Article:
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How to overcome nerves before an interview

Someone is going to judge your appearance, what you say and how you say it, your mannerisms and anything else they can work out about you. Their opinion is going to determine whether or not you land this job. Whether it’s your dream career or something on the side, getting a new job is going change your life in some way. No wonder you’re nervous!

Unfortunately, serious interview nerves can sabotage your performance on the big day. Constant fidgeting, blanking out and talking too fast can all distract your interviewer from what you’re actually saying. Luckily there are some excellent ways to calm pre-interview nerves and get you looking forward to the interview (yes, really). Use the tips below to stay calm and confident on the big day.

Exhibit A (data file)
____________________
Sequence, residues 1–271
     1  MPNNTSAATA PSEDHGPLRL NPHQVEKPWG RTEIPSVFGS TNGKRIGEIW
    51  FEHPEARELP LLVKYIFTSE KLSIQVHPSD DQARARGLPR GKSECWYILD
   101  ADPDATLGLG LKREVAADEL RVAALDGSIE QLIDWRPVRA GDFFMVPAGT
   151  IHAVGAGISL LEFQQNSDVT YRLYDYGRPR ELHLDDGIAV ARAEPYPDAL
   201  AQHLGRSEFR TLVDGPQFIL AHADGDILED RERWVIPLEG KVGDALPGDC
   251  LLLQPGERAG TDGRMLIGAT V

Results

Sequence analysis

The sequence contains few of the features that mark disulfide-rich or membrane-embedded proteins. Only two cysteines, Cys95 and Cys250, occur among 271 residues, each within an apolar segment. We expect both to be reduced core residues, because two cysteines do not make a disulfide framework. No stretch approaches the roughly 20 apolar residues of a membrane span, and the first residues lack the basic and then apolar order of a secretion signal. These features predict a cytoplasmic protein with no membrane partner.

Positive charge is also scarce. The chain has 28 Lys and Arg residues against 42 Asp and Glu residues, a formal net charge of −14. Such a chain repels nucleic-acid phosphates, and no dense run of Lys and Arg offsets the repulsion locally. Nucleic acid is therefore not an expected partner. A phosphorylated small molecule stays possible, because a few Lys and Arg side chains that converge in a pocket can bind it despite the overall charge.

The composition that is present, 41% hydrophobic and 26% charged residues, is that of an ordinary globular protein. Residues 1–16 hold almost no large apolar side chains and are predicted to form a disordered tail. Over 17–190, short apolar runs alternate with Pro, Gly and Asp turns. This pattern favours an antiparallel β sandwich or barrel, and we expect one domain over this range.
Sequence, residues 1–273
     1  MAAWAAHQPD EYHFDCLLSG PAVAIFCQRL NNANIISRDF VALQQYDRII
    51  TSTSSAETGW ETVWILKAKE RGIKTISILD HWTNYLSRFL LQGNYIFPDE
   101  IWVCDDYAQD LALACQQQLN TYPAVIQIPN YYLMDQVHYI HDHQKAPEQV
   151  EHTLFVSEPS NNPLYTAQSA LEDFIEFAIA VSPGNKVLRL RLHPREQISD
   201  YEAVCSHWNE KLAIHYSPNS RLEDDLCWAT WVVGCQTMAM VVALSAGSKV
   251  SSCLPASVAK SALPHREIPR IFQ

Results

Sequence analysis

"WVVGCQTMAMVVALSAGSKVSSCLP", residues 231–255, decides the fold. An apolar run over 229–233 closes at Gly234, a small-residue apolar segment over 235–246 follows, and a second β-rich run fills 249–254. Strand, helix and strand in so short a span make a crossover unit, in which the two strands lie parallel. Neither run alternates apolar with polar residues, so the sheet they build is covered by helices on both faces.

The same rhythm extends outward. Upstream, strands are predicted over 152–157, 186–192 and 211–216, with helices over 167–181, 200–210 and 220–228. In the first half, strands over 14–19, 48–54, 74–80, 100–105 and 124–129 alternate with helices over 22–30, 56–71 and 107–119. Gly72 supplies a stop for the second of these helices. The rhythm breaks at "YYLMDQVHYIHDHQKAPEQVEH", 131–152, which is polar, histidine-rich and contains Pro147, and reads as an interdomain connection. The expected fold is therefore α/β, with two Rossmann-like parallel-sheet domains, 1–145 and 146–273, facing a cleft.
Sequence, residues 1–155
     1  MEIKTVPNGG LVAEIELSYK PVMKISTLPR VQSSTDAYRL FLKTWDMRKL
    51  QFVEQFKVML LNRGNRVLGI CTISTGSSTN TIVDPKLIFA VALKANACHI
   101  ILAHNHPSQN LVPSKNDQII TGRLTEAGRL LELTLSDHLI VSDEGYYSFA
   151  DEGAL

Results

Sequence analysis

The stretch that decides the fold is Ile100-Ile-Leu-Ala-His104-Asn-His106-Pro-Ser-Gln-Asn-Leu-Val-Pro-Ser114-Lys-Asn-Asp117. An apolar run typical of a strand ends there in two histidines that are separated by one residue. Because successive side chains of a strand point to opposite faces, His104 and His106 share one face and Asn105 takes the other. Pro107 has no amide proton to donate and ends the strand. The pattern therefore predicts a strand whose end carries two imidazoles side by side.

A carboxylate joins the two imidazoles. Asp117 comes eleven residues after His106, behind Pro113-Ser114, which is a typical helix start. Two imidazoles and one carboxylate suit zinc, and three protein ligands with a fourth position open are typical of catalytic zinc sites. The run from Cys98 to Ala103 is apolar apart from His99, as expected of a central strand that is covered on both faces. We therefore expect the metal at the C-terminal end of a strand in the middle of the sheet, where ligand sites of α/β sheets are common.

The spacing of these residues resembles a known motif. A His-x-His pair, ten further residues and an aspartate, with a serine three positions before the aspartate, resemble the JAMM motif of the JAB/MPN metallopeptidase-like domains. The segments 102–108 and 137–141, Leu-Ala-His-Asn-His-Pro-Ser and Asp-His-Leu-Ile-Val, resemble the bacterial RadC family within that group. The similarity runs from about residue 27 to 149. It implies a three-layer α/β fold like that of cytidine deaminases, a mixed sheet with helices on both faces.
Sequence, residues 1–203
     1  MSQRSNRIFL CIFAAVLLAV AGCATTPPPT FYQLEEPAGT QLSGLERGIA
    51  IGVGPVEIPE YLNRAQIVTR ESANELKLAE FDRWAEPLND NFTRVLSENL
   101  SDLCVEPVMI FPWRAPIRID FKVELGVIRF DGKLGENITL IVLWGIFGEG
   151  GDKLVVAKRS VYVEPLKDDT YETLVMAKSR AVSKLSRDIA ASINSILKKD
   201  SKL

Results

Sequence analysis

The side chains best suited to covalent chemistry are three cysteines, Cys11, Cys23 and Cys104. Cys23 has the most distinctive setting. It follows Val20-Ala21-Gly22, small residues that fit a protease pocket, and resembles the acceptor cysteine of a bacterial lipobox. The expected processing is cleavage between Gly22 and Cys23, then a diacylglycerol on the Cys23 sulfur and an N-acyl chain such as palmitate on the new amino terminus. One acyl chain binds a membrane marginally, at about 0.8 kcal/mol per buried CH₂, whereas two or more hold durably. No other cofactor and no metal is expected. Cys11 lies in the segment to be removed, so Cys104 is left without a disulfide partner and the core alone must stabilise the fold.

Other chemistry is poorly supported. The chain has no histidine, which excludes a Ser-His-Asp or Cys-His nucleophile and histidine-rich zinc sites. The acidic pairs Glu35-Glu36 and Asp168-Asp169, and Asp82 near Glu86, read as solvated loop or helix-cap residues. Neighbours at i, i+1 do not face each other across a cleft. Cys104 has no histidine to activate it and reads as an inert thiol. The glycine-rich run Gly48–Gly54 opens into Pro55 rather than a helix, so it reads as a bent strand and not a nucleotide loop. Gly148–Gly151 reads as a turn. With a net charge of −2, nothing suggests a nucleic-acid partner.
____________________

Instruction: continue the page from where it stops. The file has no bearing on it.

Be prepared

This is the #1 best way to calm interview nerves! Preparation leads to confidence and confidence leaves you feeling in control. Knowing that you’re fully prepared allows you to channel nervous energy into excitement. Prepping for an interview is like training for a big game. The more you practice and prepare, the better you feel when game day rolls around.

An unfamiliar environment can add to uncertainty, which is why career professionals generally recommend that you pay at least one visit to any unfamiliar interview location in advance. Otherwise, you risk the nightmare scenario: getting lost or stuck in traffic and running into your interview late, sweaty, and flustered. Even if you know where you’re going, make sure to give yourself plenty of time to get there on the day.

Have a dress rehearsal

If you really want the job, it’s worth taking this extra step of preparation. Pick your outfit, get all your documents ready and have a friend or family member run through a mock interview with you. Brainstorm a list of questions you think they’ll ask in advance. Be prepared to answer “behavioral” style interview questions, where you’ll be asked to demonstrate specific times you have used certain skills. Let your “interviewer” give you feedback on your strengths and weaknesses and anything you need to work on before the big day.

Then take it easy